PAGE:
5. Storage buildings are expensive.
  6. The DIY and HGTV are on the television more now, that is, when my daughter will allow us to switch over from Toy Story. I feel like all these “Crashers” shows give me unrealistic expectations for my trips to Home Depot and Lowe’s. I fully expect someone to approach me followed by cameras and come landscape my yard for free. I’m disappointed every time it doesn’t happen. I laughed for five full minutes when I heard someone on the DIY network say silicone caulk yesterday because I’m super mature.
  7. The most common question that I get asked now when talking about this, is what school district do we want to be in? Have I researched elementary schools and high schools? On a limited basis, I have, but I still have a part of me that wonders how important the quality of the elementary school really is. I went to grade school in a three room, rural school-house, and was fine. I attended the one high school that was available to us–it was fine. I’m not sure how to adjust to this momster mentality that every school my daughter attends has to be perfect, even the pre-school. We’re still just coloring and learning not to shit in our pants, right? I know, I know, it’s important. I’ll get there.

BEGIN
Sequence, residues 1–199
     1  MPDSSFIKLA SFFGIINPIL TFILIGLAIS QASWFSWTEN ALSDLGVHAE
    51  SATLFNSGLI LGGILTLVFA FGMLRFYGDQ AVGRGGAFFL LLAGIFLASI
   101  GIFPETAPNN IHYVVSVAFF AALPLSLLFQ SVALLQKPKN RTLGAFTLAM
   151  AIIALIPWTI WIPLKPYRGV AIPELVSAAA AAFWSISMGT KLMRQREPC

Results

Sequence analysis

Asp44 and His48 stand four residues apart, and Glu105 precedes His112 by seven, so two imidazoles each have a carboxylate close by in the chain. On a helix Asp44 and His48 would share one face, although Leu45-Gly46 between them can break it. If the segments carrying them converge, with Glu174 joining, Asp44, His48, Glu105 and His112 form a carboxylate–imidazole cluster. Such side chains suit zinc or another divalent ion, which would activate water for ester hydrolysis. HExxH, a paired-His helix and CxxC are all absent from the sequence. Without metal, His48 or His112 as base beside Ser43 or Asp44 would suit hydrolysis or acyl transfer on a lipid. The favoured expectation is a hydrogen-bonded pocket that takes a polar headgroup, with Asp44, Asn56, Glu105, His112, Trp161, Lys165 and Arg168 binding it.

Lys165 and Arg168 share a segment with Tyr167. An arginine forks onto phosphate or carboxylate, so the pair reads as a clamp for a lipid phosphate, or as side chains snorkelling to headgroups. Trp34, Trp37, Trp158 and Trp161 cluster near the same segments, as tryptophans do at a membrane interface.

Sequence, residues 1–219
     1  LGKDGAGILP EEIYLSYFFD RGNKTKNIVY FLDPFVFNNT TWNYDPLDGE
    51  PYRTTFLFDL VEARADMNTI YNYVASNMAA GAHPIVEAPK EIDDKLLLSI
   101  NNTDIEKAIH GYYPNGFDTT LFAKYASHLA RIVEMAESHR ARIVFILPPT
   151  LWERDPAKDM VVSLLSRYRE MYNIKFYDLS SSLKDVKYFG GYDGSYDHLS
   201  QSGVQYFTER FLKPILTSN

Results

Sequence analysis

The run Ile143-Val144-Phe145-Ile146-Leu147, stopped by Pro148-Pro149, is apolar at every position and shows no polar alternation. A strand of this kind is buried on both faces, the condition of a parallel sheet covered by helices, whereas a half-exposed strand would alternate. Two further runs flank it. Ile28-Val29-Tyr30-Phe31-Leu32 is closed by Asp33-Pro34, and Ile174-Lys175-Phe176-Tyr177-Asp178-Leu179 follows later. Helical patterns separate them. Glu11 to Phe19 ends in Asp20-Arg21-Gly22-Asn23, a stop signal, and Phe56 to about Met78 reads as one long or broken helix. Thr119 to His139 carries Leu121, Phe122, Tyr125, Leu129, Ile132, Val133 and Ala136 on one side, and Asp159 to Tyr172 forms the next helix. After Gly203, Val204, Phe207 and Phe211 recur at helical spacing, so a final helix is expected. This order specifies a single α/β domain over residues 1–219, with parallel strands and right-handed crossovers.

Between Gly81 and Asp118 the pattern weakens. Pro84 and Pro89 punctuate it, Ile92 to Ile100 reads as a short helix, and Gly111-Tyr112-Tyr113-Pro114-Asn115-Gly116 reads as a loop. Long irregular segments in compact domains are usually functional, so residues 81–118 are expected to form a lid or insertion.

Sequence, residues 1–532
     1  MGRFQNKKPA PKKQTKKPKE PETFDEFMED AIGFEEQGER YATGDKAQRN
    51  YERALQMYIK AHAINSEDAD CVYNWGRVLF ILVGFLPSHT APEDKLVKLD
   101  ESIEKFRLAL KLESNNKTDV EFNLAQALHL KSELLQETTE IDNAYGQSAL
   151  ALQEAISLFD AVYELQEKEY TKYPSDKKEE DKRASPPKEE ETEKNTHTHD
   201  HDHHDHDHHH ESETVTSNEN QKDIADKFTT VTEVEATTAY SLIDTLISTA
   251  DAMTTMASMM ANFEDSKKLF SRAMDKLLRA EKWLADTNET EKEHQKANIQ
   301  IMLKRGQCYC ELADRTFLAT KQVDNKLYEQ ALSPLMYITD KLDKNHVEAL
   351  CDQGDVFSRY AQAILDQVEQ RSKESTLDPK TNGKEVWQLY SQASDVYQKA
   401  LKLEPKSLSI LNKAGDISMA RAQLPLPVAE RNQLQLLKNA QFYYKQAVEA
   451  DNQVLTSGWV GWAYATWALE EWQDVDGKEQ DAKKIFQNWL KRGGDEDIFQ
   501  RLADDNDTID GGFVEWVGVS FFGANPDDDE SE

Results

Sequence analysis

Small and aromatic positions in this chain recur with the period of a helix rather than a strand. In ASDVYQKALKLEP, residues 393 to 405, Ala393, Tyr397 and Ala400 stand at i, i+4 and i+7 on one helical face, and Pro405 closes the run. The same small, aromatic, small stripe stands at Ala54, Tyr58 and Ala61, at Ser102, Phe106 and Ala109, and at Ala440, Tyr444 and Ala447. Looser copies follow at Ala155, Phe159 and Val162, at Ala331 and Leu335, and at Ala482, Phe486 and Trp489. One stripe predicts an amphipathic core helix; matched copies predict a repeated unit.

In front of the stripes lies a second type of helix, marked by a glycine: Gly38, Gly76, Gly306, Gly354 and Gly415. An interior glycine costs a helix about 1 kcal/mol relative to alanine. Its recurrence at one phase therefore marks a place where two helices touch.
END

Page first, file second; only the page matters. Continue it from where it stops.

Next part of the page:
8. In searching through homes for sale on the internet, it took me exactly fifteen minutes to turn into one of those people on House Hunters that I hate, complaining about wallpaper, boarders and ruling out a listing based on a kitchen that doesn’t open up to the living space and has the wrong color cabinets. Didn’t think I had that in me either. I was wrong.
  9. I will make shit up to achieve the symmetry of a list of ten.
  10. I can see the garage floor for the first time ever since moving in here.

Tada…ten. That’s actually true, but probably not interesting to anyone but me.

Our friends put their house up for sale Friday night. By Saturday evening, they had three full price offers on it.

The market is smoking hot and probably headed for another crash.

But we’re doing it.

Since I stopped working, I’ve spent a lot of time trying to curb the desire for material things, and it’s interesting how this process has re-awakened that wanting. I want a big spacious floor plan and a beautiful outdoor living space. I want two or three bedrooms and an office. I want a bathtub big enough to swim in and a nice kitchen. I want some new furniture to go with it. I want to not feel so disgusted with myself for wanting these things. I want this post to be funnier and sound less pretentious.

I don’t always get what I want.

It’s a steady stream of need vs. want evaluations lately, but for now at least, I know that I’ll be hissy fit free even if we don’t get any of those things.

But that’s what’s going on here.

My posting will probably be even more sporadic for the next few weeks, but I’ll still be around reading your stuff.

Is anyone else getting ready to move or in the process of refinancing your mortgage?

Good times, right?




January 2023